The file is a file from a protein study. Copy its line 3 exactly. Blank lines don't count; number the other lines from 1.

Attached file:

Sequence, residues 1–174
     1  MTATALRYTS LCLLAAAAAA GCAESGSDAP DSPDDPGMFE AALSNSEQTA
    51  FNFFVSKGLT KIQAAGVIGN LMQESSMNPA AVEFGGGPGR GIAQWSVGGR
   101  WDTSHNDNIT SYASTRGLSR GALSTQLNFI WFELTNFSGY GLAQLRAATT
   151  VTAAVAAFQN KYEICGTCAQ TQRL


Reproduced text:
    51  FNFFVSKGLT KIQAAGVIGN LMQESSMNPA AVEFGGGPGR GIAQWSVGGR